Andrew Lansley, UK Secretary of State for Health, allowed another Health Minister, Simon Burns to do the talking. Burns rambled on at the outset with the usual political schpeel and was admonished by the Speaker (for overseas readers – the speaker ‘controls’ MPs during parliamentary sessions) for wasting time and not specifying the point of the motion. He may have been trying to use as much of the allocated hour to splurging soundbites to avoid discussion and his performance was petulant, grumpy and defensive. He talked of a ‘bottom up culture of clinical leadership’. I have no idea what that actually means and could only think of proctology!

Burns continued ‘while the pause has finished, we will never stop listening’ … mmm – why don’t I find that reassuring?

John Healey, Labour Health Minister, was much more eloquent and persuasive. Admittedly – it is so much easier to be in opposition when it comes to a gritty issue like the state funded health service, but even so, he spoke with confidence and conviction. The Labour line was that the entire Bill should be reconsidered as changes reviewed out of context do not give a clear picture of how the reforms will ultimately work. He talked about ‘A wasted year of chaos and incompetence’ and the ‘sclerosis of the health service’ and sadly I agree.

John Pugh of the Lib Dems got up to support the amendments but wasn’t convincing and it struck me in a moment of madness how wonderful it would be to have a free vote on NHS Reforms, with no party Whip to bully MPs into agreement. Now that would be an interesting debate

BBC Question Time was equally depressing. What was once a lively panel show with political and topical debate – it is usually now a deadly regurgitation of party political speak and ‘on the fence’ opinions. One consensus view was that the Coalition, rather than impressing the general and political population with their listening skills and flexibility, are constantly weakening their position with a succession of U-turns. These U-turns include privatisation of forests, sentencing policy, defence cuts and university tuition fees. So moving the goal posts on NHS Reform seems like just one more change of heart. Indeed the coalition seemed to have made more U-turns than a motorist with a malfunctioning Sat Nav!

But The NHS is different. Why? For two main reasons Firstly, the vast sums of money involved, year in, year out and secondly because this Bill effects each and every one of us. Even the fabulously rich get taken to an NHS hospital in an emergency. This is just too important to get wrong.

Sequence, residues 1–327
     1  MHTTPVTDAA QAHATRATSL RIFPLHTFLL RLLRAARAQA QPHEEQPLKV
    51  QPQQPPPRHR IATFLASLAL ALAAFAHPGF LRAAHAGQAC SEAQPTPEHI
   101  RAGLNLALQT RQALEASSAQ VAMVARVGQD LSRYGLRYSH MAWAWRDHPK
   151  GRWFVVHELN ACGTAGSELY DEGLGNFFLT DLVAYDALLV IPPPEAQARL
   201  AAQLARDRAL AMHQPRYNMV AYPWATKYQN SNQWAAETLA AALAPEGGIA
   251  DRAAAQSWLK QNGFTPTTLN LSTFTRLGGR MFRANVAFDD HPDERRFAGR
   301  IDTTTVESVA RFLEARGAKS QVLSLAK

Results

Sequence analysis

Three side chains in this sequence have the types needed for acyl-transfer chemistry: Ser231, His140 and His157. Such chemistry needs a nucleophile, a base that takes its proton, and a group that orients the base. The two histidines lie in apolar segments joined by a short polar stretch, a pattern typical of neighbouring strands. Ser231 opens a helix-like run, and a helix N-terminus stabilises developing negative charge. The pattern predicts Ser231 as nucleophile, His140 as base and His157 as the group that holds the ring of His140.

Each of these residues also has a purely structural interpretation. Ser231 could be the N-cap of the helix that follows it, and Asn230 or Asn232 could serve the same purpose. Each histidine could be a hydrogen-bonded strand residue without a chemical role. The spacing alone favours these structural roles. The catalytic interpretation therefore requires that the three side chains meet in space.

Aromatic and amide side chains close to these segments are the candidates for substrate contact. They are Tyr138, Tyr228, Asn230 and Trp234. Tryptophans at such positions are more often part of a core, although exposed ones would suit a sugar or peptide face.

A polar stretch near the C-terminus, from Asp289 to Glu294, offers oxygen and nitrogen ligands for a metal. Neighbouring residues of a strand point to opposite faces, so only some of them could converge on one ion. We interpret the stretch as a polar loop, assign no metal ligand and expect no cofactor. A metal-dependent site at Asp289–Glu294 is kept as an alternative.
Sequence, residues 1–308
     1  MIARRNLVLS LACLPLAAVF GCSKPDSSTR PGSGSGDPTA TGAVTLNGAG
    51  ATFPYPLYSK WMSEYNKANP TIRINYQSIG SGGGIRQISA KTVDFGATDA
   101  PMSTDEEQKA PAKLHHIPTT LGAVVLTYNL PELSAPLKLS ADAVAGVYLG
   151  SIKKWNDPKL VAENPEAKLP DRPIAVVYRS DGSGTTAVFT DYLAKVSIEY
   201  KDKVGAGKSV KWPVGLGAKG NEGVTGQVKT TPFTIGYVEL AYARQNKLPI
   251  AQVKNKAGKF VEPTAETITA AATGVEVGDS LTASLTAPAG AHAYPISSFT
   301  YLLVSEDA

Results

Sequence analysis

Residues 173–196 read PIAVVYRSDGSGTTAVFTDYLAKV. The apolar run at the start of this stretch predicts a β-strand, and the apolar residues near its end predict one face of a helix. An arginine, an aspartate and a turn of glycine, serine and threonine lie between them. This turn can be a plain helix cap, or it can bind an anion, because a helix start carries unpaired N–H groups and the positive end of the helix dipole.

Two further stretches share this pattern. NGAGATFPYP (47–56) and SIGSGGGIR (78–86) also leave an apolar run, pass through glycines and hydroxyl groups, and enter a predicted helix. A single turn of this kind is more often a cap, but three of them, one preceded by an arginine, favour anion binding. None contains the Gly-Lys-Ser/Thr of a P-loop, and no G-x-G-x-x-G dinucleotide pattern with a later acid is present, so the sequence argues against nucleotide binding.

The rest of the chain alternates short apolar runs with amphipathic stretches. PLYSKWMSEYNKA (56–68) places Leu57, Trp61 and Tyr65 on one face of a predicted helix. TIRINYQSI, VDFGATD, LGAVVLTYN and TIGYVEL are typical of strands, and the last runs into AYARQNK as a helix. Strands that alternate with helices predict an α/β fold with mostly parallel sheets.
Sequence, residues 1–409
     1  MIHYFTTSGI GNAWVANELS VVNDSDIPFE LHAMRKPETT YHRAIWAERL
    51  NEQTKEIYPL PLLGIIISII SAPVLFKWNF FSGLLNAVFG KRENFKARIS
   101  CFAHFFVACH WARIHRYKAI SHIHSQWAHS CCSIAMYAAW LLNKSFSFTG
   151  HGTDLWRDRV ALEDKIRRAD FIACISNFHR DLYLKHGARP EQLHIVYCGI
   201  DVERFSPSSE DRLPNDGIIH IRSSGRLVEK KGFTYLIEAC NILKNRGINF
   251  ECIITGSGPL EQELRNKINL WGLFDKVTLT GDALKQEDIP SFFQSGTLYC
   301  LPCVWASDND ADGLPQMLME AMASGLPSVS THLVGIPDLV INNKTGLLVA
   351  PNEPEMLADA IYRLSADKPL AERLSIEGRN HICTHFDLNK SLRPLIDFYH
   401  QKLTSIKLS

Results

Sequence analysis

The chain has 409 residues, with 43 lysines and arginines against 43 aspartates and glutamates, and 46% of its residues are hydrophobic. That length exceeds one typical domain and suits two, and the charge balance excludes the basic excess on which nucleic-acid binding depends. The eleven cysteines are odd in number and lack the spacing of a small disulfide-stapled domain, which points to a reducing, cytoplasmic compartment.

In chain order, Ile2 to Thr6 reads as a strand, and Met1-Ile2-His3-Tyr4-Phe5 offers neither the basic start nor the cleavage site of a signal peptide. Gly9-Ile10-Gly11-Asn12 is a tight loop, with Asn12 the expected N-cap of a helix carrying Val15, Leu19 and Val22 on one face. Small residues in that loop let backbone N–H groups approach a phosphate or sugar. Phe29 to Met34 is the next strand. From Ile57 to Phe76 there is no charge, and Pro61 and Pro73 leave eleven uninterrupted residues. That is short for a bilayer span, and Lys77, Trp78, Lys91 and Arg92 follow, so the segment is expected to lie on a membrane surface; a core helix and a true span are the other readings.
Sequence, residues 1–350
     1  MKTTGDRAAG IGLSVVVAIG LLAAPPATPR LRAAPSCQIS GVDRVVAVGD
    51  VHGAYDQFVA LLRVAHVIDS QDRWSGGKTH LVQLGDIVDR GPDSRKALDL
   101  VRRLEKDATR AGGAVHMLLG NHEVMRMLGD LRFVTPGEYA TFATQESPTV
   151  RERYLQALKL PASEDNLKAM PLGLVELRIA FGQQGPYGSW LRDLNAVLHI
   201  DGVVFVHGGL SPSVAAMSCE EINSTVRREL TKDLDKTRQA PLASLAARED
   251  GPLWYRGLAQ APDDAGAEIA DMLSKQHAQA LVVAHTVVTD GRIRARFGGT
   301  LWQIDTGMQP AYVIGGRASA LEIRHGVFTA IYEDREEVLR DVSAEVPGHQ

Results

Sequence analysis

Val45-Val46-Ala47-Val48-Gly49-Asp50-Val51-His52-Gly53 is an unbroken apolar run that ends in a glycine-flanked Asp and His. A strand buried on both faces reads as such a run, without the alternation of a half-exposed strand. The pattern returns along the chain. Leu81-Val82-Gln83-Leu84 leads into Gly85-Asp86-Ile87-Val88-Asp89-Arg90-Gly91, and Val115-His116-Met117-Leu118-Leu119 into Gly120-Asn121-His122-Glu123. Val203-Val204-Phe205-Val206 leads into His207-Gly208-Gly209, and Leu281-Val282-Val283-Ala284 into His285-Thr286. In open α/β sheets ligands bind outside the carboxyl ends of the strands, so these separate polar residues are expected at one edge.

The politics have confused the issue. The Public Bill Committee will now be reviewing only part of the Bill. For instance only the amended clauses involving Monitor, the regulatory body, will be reviewed, out of context of the total responsibilities. Cut and pasted reports rarely work and a ‘cut and paste’ parliamentary Bill should not be the way forward

We are no nearer a real solution to NHS woes. Some units are ‘business as usual’, some GP practices are staffing up for consortia whose remit may now change, some agencies are continuing, with fewer staff, to undertake functions they expected no longer to deliver. The politics go on. The Lb Dems try to take credit for a U-turn, the Tories try to show they are still listening and Labour enjoy something to get their teeth into in opposition.

Meanwhile the NHS lumbers on – a rudderless ship whose crew are doing their level best to keep afloat while the admirals play chess.

Tuesday, 21 June 2011

Response to the NHS Future Forum: A wide range of emotions...

‘The House of Commons will vote on a motion to recommit the Health and Social Care Bill to a public bill committee for further consideration on 21 June 2011.’ This was the helpful missive I received today as a subscriber to UK Parliament updates.

Andrew Lansley, UK Secretary of Sate for Health, will hope that his reformed reforms are back on track, ready to be ushered through parliament towards the House of Lords.

I have now had a chance to review the proposed changes and as usual, am experiencing a wide range of emotions.

Satisfaction: That the government has listened and appreciated the strength of opposition to the content of the original Bill. David Cameron has realised that taking his eye of this particular ball was potentially highly damaging for not only the NHS but for the Coalition too. It is also gratifying to see that the listening exercise appears to have produced a genuine change of direction in emphasis and execution of the Bill.

Encouragement: That some of the key areas of dispute have been addressed. Despite Lansley’s insistence that all-encompassing power should be handed to GPs, there is now an understanding that this is not the view of the majority of stakeholders and indeed is not the choice of many GPs either. Interesting to note that when I first started this blog last year, the original spend to be handed to GPs was £80 billion annually. That quickly but quietly changed to £60 billion and is continuing to shrink. I am delighted to see that ongoing professional development is acknowledged as key. I also agree with the proposed change in the role of Monitor, the regulatory body, with regard to managing competitor activity, ‘protecting and promoting patients’ interests’.